A few telltale signs have been visible as games have progressed, too. Zach Hyman moved up to the top line, Ilya Mikheyev moved up to the second, and even Wayne Simmonds moved up to the third. It was almost as if to say: Yes, we are trying certain things, but when the game is in crunch time, we know what our true line combinations will be.
Eventually, are the Leafs just going to roll these lines? Are they really starting the playoffs with Zach Hyman – clearly at least their third-best winger – on the third line? Similarly, is Hyman really not going to be on the ice in the final minute of a game with the Leafs protecting a one-goal lead? That happened against Ottawa on Saturday, and Mitch Marner coughed it up multiple times. A better team likely makes him pay for the one in front of his net with 10 seconds left.
Is Jake Muzzin going to continue averaging the fourth-most ice time on defense while William Nylander plays only 30 seconds – about one shift – more than Joe Thornton?
It’s early, and things need to play out a little more here to properly evaluate the decisions. That said, after this week, the Leafs will be seven games into their season with over 12 percent of the 56-game schedule complete. Experimenting will always be a part of it, but there is experimenting, and then there is good players sitting in high-leverage situations during a season that is a sprint, not a marathon.
– As I understand it, the Leafs were right up against the salary cap with essentially no room to call up players making more money than Nick Robertson, which meant no Mikko Lehtonen, Pierre Engvall, or even Alexander Barabanov. They protected Aaron Dell as long as they could, but they simply couldn’t afford to keep a third goalie around at the expense of the actual playing roster. Putting Jason Spezza on waivers as well creates added flexibility. At some point, the Leafs need to give some of these guys a look to see what they have.
– That sentiment remains true for Alexander Barabanov as well. He did look like a deer in the headlights, and at 26, that is not what you would hope or expect, even from a player making his NHL debut. But he played 5:27 in one game and 4:19 in the other. What’s he really going to show? While Ilya Mikheyev has turned out to be a really good player, he also received a real opportunity to show what he could do in his first few games last season – he played 15:16 and 17:02 in his first two nights. Perhaps Barabanov is out of his element either way, but you can’t make that determination in that ice time.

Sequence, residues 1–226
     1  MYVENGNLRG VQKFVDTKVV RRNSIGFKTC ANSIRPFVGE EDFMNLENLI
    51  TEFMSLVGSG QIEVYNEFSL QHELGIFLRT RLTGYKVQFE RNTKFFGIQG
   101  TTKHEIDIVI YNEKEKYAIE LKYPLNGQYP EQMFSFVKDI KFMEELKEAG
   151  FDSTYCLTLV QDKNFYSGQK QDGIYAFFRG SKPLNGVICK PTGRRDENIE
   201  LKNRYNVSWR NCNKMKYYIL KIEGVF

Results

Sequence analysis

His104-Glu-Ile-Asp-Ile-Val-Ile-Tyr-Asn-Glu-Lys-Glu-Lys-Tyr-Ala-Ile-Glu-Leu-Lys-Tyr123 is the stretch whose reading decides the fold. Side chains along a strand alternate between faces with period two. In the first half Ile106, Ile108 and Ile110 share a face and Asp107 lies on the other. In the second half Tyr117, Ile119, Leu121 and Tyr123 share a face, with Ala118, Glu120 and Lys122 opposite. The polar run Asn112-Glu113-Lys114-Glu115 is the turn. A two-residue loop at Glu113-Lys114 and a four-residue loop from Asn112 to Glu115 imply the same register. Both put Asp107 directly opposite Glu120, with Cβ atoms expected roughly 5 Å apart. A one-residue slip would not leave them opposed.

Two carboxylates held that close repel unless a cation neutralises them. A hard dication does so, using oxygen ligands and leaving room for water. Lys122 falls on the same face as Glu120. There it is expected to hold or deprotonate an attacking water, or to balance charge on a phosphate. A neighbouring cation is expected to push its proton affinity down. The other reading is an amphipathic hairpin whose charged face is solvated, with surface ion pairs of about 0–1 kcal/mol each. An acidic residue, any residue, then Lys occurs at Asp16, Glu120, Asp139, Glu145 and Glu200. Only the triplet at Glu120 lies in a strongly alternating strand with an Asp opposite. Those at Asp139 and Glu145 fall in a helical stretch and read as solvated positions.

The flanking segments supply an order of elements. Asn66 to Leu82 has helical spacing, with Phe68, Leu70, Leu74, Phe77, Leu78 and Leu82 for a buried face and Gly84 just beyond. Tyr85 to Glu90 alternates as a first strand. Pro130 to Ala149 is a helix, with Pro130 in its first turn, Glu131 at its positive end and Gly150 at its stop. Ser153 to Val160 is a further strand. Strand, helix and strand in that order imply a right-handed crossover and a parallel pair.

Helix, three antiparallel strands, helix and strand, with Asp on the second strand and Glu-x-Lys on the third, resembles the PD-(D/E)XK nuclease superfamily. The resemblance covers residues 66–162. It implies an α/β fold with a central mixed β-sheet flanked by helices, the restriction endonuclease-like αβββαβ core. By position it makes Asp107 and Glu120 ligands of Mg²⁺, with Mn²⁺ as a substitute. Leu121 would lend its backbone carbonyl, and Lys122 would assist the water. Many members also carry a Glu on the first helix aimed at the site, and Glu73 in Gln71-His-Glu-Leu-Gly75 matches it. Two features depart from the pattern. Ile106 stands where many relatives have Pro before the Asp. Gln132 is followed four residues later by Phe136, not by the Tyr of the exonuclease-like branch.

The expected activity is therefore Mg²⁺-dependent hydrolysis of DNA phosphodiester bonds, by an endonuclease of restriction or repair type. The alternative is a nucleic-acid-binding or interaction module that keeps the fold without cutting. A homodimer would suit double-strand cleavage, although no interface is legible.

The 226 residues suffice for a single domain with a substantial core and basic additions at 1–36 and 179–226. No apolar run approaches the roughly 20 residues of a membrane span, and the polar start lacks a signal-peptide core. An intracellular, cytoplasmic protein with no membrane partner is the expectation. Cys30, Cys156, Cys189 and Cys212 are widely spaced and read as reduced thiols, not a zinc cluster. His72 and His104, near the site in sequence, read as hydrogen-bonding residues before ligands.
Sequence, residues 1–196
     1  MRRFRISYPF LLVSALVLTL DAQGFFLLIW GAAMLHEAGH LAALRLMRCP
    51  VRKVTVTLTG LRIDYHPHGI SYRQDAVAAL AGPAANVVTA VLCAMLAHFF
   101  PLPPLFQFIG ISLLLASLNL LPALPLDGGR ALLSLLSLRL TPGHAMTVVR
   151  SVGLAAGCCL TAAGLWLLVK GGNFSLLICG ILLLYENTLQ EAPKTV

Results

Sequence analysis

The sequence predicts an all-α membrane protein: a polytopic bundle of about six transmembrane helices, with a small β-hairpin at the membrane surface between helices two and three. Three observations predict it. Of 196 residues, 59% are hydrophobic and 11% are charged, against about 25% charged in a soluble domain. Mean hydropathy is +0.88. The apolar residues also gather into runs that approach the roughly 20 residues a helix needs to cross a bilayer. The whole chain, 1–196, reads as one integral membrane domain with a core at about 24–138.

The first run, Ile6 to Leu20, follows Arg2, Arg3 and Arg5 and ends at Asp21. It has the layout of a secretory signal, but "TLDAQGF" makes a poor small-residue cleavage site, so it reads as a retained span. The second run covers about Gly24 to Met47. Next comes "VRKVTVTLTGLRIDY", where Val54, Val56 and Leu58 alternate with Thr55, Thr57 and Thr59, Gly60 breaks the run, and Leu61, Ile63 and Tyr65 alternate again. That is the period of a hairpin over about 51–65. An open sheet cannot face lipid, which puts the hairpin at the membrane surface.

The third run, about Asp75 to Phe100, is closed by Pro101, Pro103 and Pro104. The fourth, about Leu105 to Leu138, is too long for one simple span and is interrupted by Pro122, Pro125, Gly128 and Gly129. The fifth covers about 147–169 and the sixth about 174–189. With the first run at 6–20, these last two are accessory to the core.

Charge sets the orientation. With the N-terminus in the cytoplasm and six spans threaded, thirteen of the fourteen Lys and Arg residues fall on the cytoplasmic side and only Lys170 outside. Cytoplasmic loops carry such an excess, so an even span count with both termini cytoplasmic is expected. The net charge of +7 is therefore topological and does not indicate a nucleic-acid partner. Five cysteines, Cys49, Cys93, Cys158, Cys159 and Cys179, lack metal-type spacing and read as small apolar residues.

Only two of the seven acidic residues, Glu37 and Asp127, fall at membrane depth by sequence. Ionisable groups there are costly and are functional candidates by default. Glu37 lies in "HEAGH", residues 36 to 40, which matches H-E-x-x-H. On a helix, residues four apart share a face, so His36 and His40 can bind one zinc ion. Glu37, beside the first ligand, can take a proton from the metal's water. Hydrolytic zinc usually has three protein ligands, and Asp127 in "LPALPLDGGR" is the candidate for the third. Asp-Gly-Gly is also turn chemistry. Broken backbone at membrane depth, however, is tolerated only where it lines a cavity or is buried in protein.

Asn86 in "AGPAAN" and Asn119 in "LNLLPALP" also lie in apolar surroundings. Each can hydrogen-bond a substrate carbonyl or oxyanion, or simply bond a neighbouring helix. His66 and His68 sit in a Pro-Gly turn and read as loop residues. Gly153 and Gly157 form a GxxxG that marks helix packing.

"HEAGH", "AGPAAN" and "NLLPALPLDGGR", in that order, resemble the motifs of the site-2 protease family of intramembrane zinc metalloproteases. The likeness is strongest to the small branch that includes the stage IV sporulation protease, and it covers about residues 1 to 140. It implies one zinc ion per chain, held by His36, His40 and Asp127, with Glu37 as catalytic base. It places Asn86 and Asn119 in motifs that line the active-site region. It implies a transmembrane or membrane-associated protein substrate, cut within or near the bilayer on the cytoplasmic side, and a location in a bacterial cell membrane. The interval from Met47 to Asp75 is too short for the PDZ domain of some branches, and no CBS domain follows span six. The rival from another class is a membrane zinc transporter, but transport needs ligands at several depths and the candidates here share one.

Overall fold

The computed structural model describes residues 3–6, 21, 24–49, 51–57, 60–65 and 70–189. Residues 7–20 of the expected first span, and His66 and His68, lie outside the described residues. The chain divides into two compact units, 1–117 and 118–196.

– Considering the Leafs’ opponents to start, it’s hard to really look at the matchups and get a feel for Sheldon Keefe’s approach. I couldn’t tell you which line of Ottawa’s is their top line. I’m not sure they can, either. The Habs predictably played Phillip Danault against Auston Matthews as he is their checking line (overall, that’s a good two-way line). I’m much more interested to see who the Leafs match up against Mark Scheifele, Connor McDavid, Sean Monahan, and Elias Pettersson.
– Credit where it’s due, nice penalty kill from Jimmy Vesey with Zach Hyman in the penalty box late against Ottawa. They were nursing a 3-2 lead at the time. He blocked a shot from Thomas Chabot with good positioning and took good angles in the neutral zone to prevent entries. He reads the game well and is able to get his stick in passing lanes and create turnovers.